Protecting Wattled Crane Nests in South Africa

Wattled Crane nest
A Wattled Crane nest with two eggs in the Umgeni Vlei Nature Reserve with a prescribed fire in the background. Lara Jordan, International Crane Foundation/Endangered Wildlife Trust
Wattled Crane

The Wattled Crane breeding season in eastern South Africa overlaps with prescribed burns during the winter fire season. Due to the timing of this natural fire season, one of the most significant historical threats to the species has been the loss of eggs and chicks at nest sites to fire.

Today, the International Crane Foundation/Endangered Wildlife Trust Partnership works with farmers, landowners and nature reserves to secure the safety of the eggs and chicks by temporarily removing them while the scheduled burns are conducted. Our team returns the eggs or chicks to the parents once it is safe. The pictured rescues took several hours, but we are happy to report that the chicks and parents are all doing well after the fires!

Wattled Crane chick
Mzolisi Chonco holds a Wattled Crane chick that was removed from its parents’ territory before a prescribed burn. The chick has a hood on to help keep it calm.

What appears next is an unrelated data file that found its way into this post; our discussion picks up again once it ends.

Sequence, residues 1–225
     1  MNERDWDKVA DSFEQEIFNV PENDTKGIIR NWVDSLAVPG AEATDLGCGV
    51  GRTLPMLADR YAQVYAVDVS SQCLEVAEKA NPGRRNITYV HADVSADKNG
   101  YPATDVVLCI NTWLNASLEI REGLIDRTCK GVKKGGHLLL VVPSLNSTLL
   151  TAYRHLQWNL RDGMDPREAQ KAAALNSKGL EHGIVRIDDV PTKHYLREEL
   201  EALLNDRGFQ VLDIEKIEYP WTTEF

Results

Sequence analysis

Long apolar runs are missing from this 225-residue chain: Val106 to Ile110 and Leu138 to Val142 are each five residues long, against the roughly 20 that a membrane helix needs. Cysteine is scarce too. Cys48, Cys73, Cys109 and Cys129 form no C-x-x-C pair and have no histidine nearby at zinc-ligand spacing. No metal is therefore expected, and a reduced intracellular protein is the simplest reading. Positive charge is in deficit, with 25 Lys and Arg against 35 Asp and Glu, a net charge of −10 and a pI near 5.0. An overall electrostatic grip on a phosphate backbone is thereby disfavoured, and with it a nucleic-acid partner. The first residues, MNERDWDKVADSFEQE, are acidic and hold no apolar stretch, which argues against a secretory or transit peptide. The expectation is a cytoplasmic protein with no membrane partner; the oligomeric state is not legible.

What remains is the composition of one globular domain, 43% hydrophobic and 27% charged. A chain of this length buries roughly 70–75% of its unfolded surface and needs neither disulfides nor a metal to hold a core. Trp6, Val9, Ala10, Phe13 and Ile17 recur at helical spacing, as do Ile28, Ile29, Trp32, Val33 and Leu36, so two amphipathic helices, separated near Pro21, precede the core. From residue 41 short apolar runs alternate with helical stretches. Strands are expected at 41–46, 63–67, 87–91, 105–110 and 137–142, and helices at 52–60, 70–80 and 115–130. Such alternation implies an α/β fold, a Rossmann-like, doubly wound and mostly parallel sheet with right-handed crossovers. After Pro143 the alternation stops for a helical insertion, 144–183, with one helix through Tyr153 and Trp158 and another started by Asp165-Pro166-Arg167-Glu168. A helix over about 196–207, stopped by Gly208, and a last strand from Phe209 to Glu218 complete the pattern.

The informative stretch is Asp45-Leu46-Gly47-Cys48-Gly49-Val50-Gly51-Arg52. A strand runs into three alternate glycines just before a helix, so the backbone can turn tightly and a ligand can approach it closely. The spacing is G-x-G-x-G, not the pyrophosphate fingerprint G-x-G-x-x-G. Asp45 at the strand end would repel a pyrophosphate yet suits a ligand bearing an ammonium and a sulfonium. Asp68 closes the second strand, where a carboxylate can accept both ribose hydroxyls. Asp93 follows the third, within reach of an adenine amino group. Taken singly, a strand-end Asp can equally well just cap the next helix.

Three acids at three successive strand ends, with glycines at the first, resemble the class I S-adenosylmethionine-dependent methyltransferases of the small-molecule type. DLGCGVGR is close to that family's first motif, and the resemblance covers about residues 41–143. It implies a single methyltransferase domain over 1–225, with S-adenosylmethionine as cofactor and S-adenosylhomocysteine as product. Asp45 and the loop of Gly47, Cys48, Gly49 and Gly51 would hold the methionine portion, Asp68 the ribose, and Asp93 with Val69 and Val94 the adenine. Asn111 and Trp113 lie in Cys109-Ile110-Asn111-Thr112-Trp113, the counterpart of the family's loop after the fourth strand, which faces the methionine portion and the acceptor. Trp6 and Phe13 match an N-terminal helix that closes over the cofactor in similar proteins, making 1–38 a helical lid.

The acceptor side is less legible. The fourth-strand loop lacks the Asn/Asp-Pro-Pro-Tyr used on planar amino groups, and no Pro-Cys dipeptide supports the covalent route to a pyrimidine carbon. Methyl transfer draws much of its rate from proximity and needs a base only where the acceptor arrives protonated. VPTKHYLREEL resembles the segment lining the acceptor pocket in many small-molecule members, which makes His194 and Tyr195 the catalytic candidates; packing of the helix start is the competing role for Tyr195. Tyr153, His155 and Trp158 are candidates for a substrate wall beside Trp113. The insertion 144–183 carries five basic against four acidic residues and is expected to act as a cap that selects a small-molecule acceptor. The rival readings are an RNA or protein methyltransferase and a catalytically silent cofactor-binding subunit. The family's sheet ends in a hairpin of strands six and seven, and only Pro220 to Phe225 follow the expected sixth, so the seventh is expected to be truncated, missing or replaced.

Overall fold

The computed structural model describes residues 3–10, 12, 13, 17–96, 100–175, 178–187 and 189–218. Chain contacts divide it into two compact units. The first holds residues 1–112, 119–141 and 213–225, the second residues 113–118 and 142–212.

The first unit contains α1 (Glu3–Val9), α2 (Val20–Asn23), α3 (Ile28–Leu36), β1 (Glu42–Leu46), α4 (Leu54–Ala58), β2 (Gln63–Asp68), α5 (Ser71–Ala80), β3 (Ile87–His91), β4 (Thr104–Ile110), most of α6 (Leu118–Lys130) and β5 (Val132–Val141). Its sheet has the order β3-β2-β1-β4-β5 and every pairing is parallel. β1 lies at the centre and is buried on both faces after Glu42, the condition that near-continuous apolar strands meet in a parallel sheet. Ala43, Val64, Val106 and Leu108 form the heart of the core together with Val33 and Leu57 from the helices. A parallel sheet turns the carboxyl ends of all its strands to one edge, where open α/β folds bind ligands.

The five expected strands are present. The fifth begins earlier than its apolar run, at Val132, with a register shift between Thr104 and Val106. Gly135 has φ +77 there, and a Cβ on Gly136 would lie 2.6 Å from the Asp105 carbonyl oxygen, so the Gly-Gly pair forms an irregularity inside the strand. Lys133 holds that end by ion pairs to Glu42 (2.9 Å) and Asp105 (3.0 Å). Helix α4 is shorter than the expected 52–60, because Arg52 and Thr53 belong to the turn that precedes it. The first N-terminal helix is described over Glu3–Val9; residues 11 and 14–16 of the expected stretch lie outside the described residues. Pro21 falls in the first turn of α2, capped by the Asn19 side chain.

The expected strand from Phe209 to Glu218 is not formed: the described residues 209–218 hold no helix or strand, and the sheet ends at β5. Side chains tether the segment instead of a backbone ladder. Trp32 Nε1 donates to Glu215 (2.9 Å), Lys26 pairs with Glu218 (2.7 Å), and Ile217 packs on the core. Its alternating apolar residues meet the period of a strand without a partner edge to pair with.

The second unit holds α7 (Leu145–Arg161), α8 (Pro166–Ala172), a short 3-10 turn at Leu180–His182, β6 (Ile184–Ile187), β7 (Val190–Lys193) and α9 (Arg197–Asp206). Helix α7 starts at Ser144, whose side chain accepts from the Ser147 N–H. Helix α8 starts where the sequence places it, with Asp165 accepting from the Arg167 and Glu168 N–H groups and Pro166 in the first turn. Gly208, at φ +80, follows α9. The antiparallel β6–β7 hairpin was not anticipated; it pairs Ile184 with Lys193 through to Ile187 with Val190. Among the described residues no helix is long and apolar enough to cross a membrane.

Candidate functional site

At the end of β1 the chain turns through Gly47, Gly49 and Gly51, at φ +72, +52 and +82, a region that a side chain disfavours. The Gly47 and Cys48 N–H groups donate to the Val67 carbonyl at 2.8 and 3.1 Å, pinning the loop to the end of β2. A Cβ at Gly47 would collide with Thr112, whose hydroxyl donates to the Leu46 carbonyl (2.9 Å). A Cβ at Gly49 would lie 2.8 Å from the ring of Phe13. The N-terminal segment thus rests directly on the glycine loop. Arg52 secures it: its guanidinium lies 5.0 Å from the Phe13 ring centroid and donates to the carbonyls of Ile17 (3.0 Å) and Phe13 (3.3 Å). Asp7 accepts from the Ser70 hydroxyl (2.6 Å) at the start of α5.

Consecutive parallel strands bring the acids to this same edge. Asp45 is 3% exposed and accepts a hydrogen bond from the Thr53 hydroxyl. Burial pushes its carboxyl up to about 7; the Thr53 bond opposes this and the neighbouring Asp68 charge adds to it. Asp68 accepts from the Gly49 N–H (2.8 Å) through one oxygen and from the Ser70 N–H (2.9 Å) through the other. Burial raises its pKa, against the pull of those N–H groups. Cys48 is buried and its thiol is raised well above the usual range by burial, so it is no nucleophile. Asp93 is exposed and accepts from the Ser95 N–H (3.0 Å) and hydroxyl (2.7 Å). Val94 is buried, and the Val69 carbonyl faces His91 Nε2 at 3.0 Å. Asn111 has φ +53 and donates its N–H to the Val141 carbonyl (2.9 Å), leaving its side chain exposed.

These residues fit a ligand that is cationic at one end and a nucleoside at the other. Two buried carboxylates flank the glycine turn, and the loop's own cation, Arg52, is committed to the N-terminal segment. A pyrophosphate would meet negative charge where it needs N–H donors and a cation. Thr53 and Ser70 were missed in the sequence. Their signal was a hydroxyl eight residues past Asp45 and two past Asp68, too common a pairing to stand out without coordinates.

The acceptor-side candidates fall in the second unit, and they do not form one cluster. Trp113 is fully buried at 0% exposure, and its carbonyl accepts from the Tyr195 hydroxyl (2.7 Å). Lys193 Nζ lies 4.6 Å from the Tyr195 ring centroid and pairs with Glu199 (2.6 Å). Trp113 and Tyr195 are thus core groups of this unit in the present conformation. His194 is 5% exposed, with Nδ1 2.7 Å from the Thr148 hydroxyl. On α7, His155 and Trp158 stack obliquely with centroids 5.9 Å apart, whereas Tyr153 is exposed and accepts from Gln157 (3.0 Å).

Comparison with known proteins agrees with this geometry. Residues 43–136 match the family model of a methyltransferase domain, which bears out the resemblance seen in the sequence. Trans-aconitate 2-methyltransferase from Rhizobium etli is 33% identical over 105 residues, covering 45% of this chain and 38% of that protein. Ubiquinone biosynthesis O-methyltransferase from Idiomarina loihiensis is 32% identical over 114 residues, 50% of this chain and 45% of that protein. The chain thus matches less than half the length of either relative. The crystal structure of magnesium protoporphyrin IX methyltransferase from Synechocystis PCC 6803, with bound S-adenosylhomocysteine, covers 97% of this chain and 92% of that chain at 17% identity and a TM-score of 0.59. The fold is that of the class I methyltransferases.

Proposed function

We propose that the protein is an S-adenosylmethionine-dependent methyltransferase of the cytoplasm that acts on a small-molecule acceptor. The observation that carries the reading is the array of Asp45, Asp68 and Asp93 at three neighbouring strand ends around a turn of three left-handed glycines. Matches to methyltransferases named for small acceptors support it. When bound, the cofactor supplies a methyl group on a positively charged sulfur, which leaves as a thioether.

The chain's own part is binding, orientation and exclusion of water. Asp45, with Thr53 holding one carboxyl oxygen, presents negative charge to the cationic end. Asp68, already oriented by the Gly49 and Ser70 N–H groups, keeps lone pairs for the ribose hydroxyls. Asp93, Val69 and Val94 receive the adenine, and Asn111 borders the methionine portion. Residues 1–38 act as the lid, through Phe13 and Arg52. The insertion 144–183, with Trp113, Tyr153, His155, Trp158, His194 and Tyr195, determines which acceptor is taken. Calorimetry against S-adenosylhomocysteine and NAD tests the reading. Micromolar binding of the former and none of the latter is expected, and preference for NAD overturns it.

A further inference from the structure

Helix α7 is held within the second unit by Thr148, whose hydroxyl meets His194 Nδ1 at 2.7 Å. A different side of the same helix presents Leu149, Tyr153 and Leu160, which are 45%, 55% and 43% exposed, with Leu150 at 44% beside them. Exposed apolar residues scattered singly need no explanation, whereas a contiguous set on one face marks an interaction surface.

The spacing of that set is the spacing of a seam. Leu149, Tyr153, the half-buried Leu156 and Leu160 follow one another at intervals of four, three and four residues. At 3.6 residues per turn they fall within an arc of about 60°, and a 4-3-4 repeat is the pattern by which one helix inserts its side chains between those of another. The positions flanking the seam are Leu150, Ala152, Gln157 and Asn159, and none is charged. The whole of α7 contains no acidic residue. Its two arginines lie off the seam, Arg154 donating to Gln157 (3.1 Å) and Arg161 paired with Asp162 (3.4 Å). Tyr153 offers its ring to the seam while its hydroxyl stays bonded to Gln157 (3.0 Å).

Prescribed fire, South Africa
A firebreak is defined to help control the larger prescribed burn on a local farm. A Wattled Crane pair is nesting along the edge of the nearby lake.
Field staff, South Africa
Drakensberg Coordinator Lara Jordan and Joe Gates borrowed a kick boat from one of the farm managers to access the nest and its valuable eggs.
Field staff, South Africa
Lara paddles the boat out to the Wattled Crane nest.
Wattled Crane eggs
Once the eggs were safely on land, they were transferred to a heated incubator to keep them ‘snug’ until the fire passed. The two water bottles are filled with warm water.

Story submitted by Lara Jordan South African Drakensberg Coordinator. Learn more about our work in Sub-Saharan Africa here.